Purpose: The purpose of the South Indian GeNetics of DiAbeTic Retinopathy (SIGNATR) Study is to identify non-genetic and genetic risk factors associated with diabetic retinopathy (DR). This report examines the non-genetic risk factors for DR in South Indian patients.Methods: Participants with South Indian ancestry and type 2 diabetes (T2D) were included from two sources: the Sankara Nethralaya Diabetic Retinopathy and Molecular Genetics Study (SN-DREAMS) and prospective recruitment at Sankara Nethralaya affiliates. Fundus photography and optical coherence tomography (OCT) were obtained on participants. Fundus images were graded for DR severity and OCTs were graded for center-involved diabetic macular edema (ciDME). Multivariate analyses were performed using stepwise logistic regression to assess effects of the demographic and clinical factors on proliferative DR (PDR) and DME.Results: Among the 2941 participants with DR grading, participants with PDR were more likely to be younger [odds ratio (OR)=0.95], men (OR = 1.83), have a longer duration of diabetes (OR = 1.10), have a higher hemoglobin A1c (OR = 1.12), have albuminuria (OR = 5.83), have hypertension (OR = 1.69), have a higher HDL (OR = 1.02) and a lower total cholesterol (OR = 0.99) (all p < 0.05). Among the 483 participants with gradable OCT scans, participants who had ciDME were more likely to be younger (OR = 0.97), men (OR = 2.80), have a longer duration of diabetes (OR = 1.06), have lower triglycerides (OR = 0.99), and have albuminuria (OR = 3.12) (all p < 0.05).Conclusions: Younger age, male sex, longer duration of diabetes, higher HbA1c, and presence of albuminuria were identified as risk factors for PDR and DME in a South Indian population with T2D.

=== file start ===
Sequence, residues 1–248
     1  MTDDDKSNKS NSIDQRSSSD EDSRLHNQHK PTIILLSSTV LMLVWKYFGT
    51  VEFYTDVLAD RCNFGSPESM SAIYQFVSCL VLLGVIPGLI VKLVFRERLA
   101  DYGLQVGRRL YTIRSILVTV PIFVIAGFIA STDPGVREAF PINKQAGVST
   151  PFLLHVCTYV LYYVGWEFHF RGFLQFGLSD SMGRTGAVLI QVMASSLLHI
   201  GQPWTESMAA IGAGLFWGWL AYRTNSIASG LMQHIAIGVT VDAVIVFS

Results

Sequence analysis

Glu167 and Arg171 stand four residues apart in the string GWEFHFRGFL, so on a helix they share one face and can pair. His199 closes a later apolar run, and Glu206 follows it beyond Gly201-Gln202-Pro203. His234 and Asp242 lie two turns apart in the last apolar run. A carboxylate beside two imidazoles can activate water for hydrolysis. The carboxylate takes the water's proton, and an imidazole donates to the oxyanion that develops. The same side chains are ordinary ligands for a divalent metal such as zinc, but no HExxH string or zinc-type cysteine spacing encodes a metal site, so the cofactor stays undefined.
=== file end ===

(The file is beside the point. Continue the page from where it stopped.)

Ciociola EC, Yang S-A, Hall N, Lorch AC, Miller JW, Friedman DS, Boland MV, Elze T, Zebardast N, Zebardast N. Effectiveness of Trabeculectomy and Tube Shunt With Versus Without Concurrent Phacoemulsification: IRIS Registry Longitudinal Analysis. Ophthalmol Glaucoma 2022;Abstract